Hernias in Athletes and Active Individuals


Statistics show a correlation between physical activities and hernia incidence rates. Having a hernia can be painful and intimidating, even more so if your job is dependent on you being physically active. We at Valley Surgical RGV understand these concerns and are experienced in providing quality hernia treatment.

Physical Activity and Health

Physical activity is a worthwhile effort that offers many benefits. Some documented benefits include reduced neuroinflammation, reduced cardiovascular disease, improved lung health, reduced depression, and weight management. Some individuals choose to exercise solely to receive these benefits. Other individuals exercise because they are athletes, which is essential for their sport.

While the benefits of physical activity are numerous and well-documented, there are also some potential risks. These potential risks increase as the frequency and intensity of physical exercise increases. One of these potential risks is hernias. The term hernia refers to an internal organ pushing through a muscle wall. There are many types of hernias with specific names that depend on the organ involved and the hernia’s location.

Unfortunately, increased physical activity can put athletes and fitness enthusiasts at an increased risk of experiencing hernias. It happens often enough that the terms “sports hernia” and “athletic pubalgia” are used in medical settings. Moreover, males are more likely to experience hernias, and soccer players experience them at the highest recorded incidence rate.

While the factors contributing to this increased risk are not fully understood, it is believed that unevenly developed muscles can create weak points in the muscle wall. Additionally, the overall increased stress on the body may strain the organs.

What Should Be Done?

This does not mean that people should stop exercising. There is evidence that exercising even prior to a hernia operation improves the surgical outcome. It does mean that exercise should be performed safely and with proper technique. Using improper form, especially when doing activities such as weight-lifting, can lead to hernia formation or worse injury. It also means that individuals who exercise should always listen to their bodies. If an individual is experiencing pain, they should always have it evaluated by a medical professional. Some hernias are visible externally as bulges, but not all can be seen.

Hernias are fairly common and are usually not severe. However, they do need to be evaluated and treated. Sometimes, organs slip in and out of the muscle wall freely. In other cases, the organ can get stuck or incarcerated, partially through the muscle wall. This requires immediate attention because the blood flow to the organ can be disrupted. Other less severe symptoms of hernias include muscle discomfort, acid reflux, or pressure.

If these symptoms are noted, a medical professional can determine if a hernia is present, the location and severity, and a treatment plan. Hernias often require intervention. In less severe cases, undergoing surgery immediately may not be necessary. However, it is unlikely that a hernia will resolve itself in the long term without intervention. They tend to get progressively worse over time. In more severe cases, such as incarceration, an operation will be needed immediately to reduce and repair damage.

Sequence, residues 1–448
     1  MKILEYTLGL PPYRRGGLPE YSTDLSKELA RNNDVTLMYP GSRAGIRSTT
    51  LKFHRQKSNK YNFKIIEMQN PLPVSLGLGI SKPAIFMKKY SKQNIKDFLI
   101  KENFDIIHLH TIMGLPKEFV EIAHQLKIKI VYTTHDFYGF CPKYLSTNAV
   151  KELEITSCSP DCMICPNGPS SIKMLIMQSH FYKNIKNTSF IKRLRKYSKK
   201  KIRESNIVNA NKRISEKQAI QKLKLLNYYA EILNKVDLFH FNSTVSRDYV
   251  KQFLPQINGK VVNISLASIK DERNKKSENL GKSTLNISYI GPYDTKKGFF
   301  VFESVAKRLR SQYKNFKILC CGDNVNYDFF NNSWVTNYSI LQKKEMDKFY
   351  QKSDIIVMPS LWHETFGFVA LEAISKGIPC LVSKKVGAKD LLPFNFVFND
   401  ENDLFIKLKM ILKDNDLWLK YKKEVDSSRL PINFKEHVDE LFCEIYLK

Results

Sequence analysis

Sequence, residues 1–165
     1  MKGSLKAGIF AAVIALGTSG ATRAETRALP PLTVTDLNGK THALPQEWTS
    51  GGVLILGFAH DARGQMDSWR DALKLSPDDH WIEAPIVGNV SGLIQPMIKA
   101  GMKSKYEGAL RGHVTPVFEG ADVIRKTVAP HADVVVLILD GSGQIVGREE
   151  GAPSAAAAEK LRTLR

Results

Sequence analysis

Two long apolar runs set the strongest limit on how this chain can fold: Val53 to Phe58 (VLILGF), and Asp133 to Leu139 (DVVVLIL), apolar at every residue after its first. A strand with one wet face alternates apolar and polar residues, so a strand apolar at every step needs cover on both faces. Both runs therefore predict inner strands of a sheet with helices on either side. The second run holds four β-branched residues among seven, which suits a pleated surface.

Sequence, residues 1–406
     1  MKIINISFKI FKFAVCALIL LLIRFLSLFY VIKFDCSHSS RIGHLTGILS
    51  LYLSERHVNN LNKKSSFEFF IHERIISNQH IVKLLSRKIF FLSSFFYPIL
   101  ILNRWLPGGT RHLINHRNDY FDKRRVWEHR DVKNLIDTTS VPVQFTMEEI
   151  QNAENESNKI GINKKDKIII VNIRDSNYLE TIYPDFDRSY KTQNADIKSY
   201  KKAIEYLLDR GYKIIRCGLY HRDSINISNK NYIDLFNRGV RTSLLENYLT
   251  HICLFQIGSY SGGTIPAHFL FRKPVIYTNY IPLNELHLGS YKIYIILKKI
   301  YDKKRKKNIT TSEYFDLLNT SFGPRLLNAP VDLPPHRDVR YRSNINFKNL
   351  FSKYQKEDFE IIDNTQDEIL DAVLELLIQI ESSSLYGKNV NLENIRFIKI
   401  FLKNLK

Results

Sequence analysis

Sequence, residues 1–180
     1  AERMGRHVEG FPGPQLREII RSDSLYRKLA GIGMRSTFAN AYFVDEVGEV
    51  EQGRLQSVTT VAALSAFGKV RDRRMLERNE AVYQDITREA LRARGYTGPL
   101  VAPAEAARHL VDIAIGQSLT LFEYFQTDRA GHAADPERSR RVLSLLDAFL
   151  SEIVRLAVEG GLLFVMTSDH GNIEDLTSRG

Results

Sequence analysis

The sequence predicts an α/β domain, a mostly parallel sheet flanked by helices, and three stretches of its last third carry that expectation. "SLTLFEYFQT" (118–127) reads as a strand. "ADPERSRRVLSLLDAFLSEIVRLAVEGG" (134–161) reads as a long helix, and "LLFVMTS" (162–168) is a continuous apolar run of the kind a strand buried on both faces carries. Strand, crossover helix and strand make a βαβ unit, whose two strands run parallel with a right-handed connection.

What Does Hernia Surgery Involve?

We understand that the idea of being operated on is intimidating for anyone. Given that hernias are common and we have been treating them for years, we have performed hernia repair many times. In addition to our surgeons being experts at various hernia repairs, our team understands the nuances of preoperative and postoperative care from a comprehensive standpoint.

While there is a wide variety of hernia surgeries, they all fall into one of two categories. They will either fall under the umbrella of open or laparoscopic hernia repair. Open hernia repair used to be the standard. This type involves a larger incision directly over the hernia site. The surgeon will push the affected organ back into its proper position through this opening. Sometimes, the surgeon will determine that mesh is needed to keep the organ from protruding again. They will then use stitches to close the site.

For laparoscopic hernia repair, the incision site is usually significantly smaller. Rather than opening enough to see the whole site, a smaller incision will be made over the hernia. The surgeon will insert a small camera and use specialized tools to return the organ to its correct position. Even through the small opening, a surgeon can install mesh if needed. The advantage of this option is that a smaller site reduces infection risk and recovery time. It is the new default method in all cases that allow it.

The recovery time required after hernia repair varies significantly from case to case, depending on the location and severity of the hernia. We understand that many of our patients need to be physically active as soon as possible. We will tailor and communicate the operative and recovery plan to each patient. If you suspect you are experiencing a hernia, contact Valley Surgical RGV’s dedicated team today for an evaluation.

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